CONTENTS DELETED
The author has deleted this message.

On Mon, 20 Dec 2010, gutti wrote: > In Matlab the following line of code: > V3 = V1.*(V2>0) What you certainly need is a zipWith function on matrices that lets you write Matrix.zipWith (\a1 a2 > if a2>0 then a1 else 0) v1 v2 I can't see such a function in Matrix, but in Vector (zipVectorWith) that can be lifted to Matrices by (Matrix.liftMatrix2). Maybe there is some magic type class that already handles this  if there wouldn't be the Element constraint, it would be the Applicative type class and the liftA2 function. _______________________________________________ HaskellCafe mailing list [hidden email] http://www.haskell.org/mailman/listinfo/haskellcafe 
In reply to this post by gutti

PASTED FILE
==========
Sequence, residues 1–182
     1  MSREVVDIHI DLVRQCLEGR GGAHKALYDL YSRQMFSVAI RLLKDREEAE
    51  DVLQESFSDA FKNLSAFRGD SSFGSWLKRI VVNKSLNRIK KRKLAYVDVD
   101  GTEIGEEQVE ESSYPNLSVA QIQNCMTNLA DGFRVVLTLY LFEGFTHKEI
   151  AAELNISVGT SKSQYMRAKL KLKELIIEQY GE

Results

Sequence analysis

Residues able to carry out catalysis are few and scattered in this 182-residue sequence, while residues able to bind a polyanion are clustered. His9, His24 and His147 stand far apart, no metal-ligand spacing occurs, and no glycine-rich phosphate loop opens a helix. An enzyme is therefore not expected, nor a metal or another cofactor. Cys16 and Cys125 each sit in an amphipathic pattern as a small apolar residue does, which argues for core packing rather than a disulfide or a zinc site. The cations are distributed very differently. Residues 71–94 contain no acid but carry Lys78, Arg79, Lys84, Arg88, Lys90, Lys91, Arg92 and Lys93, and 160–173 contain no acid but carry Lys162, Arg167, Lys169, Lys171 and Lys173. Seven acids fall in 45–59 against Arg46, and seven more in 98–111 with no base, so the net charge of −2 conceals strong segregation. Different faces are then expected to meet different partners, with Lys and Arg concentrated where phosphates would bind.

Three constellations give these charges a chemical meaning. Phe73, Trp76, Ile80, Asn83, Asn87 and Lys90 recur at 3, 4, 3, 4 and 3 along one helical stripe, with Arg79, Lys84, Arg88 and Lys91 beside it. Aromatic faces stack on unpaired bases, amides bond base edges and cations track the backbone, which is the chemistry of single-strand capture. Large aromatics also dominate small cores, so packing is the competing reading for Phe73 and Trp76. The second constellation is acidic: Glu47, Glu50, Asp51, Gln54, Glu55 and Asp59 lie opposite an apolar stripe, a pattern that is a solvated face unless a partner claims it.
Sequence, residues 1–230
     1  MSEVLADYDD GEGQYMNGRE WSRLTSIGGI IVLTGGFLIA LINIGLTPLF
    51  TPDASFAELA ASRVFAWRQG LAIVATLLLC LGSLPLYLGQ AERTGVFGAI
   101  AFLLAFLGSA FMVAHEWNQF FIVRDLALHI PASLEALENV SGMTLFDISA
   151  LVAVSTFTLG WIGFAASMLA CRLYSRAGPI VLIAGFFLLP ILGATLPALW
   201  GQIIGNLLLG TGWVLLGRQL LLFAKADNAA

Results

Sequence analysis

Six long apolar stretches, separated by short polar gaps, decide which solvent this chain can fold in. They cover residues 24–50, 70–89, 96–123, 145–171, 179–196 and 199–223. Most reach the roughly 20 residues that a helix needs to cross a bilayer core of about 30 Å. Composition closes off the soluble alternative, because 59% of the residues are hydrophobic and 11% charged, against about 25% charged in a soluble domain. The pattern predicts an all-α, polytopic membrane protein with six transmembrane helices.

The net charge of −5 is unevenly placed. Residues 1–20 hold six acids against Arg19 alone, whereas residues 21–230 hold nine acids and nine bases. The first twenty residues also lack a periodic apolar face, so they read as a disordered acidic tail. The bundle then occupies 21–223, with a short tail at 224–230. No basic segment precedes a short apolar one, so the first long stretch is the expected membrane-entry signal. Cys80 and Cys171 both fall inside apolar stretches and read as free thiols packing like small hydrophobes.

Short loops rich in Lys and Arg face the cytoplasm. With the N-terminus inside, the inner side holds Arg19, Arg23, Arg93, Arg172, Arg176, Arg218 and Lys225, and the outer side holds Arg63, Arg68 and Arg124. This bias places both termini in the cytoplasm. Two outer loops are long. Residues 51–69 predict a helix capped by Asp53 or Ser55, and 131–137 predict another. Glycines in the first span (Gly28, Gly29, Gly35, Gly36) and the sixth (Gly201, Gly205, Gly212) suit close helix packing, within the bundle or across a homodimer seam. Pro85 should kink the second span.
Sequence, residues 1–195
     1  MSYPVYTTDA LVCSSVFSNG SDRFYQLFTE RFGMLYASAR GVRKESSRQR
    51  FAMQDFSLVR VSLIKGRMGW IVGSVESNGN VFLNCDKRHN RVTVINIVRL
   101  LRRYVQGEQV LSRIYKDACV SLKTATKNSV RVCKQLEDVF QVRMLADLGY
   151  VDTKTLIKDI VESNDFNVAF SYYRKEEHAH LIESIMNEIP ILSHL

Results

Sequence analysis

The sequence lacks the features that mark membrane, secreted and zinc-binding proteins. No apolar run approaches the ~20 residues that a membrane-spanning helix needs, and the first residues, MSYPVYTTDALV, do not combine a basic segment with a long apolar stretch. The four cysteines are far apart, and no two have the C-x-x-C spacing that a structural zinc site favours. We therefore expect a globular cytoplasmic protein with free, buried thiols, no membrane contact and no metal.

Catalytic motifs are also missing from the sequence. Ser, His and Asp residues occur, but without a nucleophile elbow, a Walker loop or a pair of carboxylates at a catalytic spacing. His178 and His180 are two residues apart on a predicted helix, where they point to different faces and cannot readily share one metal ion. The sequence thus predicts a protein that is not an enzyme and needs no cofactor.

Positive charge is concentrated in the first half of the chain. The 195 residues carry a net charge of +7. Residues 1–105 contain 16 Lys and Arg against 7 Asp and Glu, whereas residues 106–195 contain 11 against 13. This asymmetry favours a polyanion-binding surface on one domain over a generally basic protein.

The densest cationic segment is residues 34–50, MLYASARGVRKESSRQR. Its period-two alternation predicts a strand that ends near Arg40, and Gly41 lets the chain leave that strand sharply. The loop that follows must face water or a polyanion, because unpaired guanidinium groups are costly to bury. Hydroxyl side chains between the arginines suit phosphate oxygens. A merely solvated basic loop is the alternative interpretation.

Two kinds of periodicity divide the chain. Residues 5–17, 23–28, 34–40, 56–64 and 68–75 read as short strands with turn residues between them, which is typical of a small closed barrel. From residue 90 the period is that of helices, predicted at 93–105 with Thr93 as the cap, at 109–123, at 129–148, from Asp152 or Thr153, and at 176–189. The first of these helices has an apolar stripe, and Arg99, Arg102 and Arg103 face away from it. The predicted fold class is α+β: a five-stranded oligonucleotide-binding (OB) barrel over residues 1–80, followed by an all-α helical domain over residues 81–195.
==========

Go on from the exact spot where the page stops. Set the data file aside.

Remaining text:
Hi Phil,
On 12/20/2010 10:49 PM, gutti wrote: > > Hi all, > > In Matlab the following line of code: > V3 = V1.*(V2>0) > > (V2>0) gives a BoolVector with ones (trues) and zero's where elements > of V2 are> 0; Then this Bool vector is used to multiply all elements in V1 > to zero > where the condition V2>0 is not fulfilled. > > How can I do that in Haskell ? (I haven't seen bol operations or mapping > functions into vectors, arrays > in the HMatrix.pdf). Vectorized boolean operations are not yet implemented but I hope to get them ready soon, including a "find" function. In the meantime you can use zipVectorWith, as mentioned by Henning. We could also use signum, but this is not recommended (signum 0 is 0): import Numeric.LinearAlgebra vec = fromList :: [Double] > Vector Double cond x = (signum (xscalar eps) + 1 ) / 2 v1 = vec [10..20] v2 = vec [5..5] v3 = v1 * cond v2 > v3 11 > [0.0,0.0,0.0,0.0,0.0,0.0,16.0,17.0,18.0,19.0,20.0] Alberto > > .  Many thanks in advance Phil > > > _______________________________________________ HaskellCafe mailing list [hidden email] http://www.haskell.org/mailman/listinfo/haskellcafe